Good jam last night.
The song of the week is 'Swing Low, Sweet Chariot', an old spiritual that lends itself very well to being played as a bluegrass song. Jason Young introduced this song to the jam at the end of the jam last night, and I thought it was excellent song choice.
Swing Low, Sweet Chariot has a familiar melody and chord progression. The progression is the same as for many other songs we play at the jam, including Foggy Mountain Top, the verse of Cotton Fields, the verses of Little Cabin Home On The Hill, All The Good Times, and Amazing Grace. The melody for the verses is quite similar to that of many first generation bluegrass songs and 'pre-bluegrass' songs, especially to the verses of Flatt and Scruggs' 'Little Girl Of Mine In Tennessee', and to the verses of the Carter Family's 'Lulu Walls'.
Swing Low, Sweet Chariot will be sang and played this coming week in the key of G. The progression is:
(In the key of G: 1=G; 4=C; 5=D)
Note: In some versions (examples are in the youtube links below), the second line of the progression is played as 1111 instead of as 1155. The reason why this works is because the melody note that is dragged over the last two measures of the second line is (in the key of G) a D note, and the D note is common to both the G (1) and the D (5) chord. Which chord is played at this point does, however, affect which notes would be sung by harmony singers at this point. The tenor harmony, for instance, would go to a G note if a G chord is played here, whereas it would go to an F# note if a D chord is played here.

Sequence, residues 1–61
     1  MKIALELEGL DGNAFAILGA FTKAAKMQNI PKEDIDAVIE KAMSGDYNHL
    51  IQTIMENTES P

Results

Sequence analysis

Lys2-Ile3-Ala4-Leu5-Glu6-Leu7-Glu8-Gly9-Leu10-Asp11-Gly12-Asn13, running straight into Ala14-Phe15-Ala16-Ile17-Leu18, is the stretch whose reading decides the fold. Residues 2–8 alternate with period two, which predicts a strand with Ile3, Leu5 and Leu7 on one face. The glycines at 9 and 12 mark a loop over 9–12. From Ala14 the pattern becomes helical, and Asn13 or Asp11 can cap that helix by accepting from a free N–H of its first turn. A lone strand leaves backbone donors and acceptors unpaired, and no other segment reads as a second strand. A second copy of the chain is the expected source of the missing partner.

The melody for the chorus is a bit different than the melody for the verse, though the progression is the same for both. So, one could just as easily use the chorus melody instead of the verse melody as the basis for one's breaks, but in the melody sheet attached here, I have given only the verse melody, and I recommend basing your breaks off of the verse melody, as this is what would usually be expected for breaks.
Del McCoury - key of B
Bill Monroe - key of B